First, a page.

# Metaproperty satisfaction analysis for right transiters of normality

This survey article looks at various subgroup properties that all behave as follows: any normal subgroup of a subgroup with property is normal in the whole group.

We discuss how these properties behave with respect to intersections, joins, centralizers, and many other operations.

## Contents

## The properties

### The motivation

The motivation behind these properties is to think of normality in terms of a function restriction expression. The standard function restriction expression for normality is:

Inner automorphism Automorphism

In other words, is a normal subgroup of if any inner automorphism of restricts to an automorphism of .

However, the left side can be tightened in different ways:

- Subgroup-conjugating automorphism Automorphism
- Class-preserving automorphism Automorphism
- Normal automorphism Automorphism

### The properties themselves

The four properties that are of direct interest to us are:

- Central factor: This is defined as inner automorphism inner automorphism. In other words, is a central factor of if and only if every inner automorphism of restricts to an inner automorphism of . Equivalently, .
- SCAB-subgroup: This is defined as inner automorphism subgroup-conjugating automorphism, or equivalently, subgroup-conjugating automorphism subgroup-conjugating automorphism. In other words, is a SCAB-subgroup of if any inner automorphism of restricts to an automorphism of sending subgroups to conjugate subgroups in .
- Conjugacy-closed normal subgroup: This is defined as inner automorphism class-preserving automorphism, or equivalently, as class-preserving automorphism class-preserving automorphism.
- Transitively normal subgroup: This is defined as normal automorphism normal automorphism, or equivalently, as inner automorphism normal automorphism. is transitively normal in if every normal subgroup of is normal in .

### Some other properties

There are other properties that come up.

Some properties that are stronger than the property of being a central factor:

- Direct factor: This is a subgroup that is normal and has a normal complement.
- Central subgroup: This is a subgroup contained in the center.
- Cocentral subgroup: This is a subgroup whose product with the center is the whole group.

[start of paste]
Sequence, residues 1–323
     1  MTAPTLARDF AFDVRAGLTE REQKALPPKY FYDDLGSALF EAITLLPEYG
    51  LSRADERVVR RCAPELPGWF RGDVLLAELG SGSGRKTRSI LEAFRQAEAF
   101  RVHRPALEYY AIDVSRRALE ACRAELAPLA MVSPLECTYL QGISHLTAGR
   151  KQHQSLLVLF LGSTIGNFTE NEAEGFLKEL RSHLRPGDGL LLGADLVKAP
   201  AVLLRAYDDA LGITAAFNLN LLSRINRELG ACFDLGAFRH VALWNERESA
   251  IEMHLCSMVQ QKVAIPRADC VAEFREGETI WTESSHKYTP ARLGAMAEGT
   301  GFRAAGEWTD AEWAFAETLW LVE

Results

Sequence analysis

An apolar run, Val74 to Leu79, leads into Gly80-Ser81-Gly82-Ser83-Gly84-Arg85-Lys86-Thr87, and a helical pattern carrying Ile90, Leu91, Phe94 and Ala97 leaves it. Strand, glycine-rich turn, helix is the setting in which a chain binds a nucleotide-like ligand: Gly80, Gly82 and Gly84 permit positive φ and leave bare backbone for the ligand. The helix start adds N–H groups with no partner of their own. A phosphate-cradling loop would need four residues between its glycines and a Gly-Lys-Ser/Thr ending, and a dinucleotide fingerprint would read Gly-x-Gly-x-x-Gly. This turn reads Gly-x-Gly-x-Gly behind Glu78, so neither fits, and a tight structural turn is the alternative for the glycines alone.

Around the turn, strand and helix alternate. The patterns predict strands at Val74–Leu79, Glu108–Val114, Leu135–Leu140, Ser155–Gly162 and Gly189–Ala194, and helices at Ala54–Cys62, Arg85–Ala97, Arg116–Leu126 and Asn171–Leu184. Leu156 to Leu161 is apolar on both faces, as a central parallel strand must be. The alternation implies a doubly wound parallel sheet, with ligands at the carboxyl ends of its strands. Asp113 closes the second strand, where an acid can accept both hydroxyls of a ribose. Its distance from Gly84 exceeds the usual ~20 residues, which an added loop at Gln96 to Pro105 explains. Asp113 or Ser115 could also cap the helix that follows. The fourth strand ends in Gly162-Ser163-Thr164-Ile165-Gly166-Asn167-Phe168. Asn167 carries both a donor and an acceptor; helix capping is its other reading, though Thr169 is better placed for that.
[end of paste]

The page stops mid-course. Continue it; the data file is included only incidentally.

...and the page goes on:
Some properties that are obtained by stripping the *normal* from some of the properties earlier:

- Subset-conjugacy-closed subgroup: A subgroup of a group is subset-conjugacy-closed in if, for any subsets such that there exists with , there exists such that for all . A subgroup is a central factor if and only if it is both subset-conjugacy-closed and normal.
- Conjugacy-closed subgroup: A subgroup of a group is conjugacy-closed if, whenever two elements of are conjugate in , they are conjugate in . A conjugacy-closed normal subgroup (seen earlier) is a subgroup that is both conjugacy-closed and normal.
- Central factor of normalizer: A subgroup that is a central factor in its normalizer.

Finally, one more property that we shall be frequently looking at is the property of being a retract. A retract is a subgroup that possesses a normal complement; equivalently, it is the image of an idempotent endomorphism of the whole group.

## Transitivity

All the properties discussed here are transitive, with the exception of the property of being a central factor of normalizer. The explanations are provided below:

- The properties central factor, conjugacy-closed normal subgroup, SCAB-subgroup, and transitively normal subgroup are all transitive. This is easily seem from the fact that they are balanced with respect to the function restriction formalism: they all have function restriction expressions with the left and right side equal.
`For full proof, refer: Balanced implies transitive` - Direct factor is transitive
- Cocentrality is transitive
- Any subgroup of a central subgroup is central, so centrality is transitive.
- Subset-conjugacy-closedness is transitive, conjugacy-closedness is transitive
- Retract is transitive

The property of being a central factor of normalizer is not transitive. `Further information: Central factor of normalizer is not transitive`

## Intermediate subgroup condition

All the properties given here satisfy the intermediate subgroup condition. In other words, for any of these properties , if and satisfies property in , then satisfies property in .

All the properties described here satisfy the intermediate subgroup condition:

- The properties central factor, conjugacy-closed normal subgroup, SCAB-subgroup, and transitively normal subgroup all satisfy the intermediate subgroup condition. This is because they all have function restriction expressions where the property on the left is inner automorphism. In particular, they are left-inner.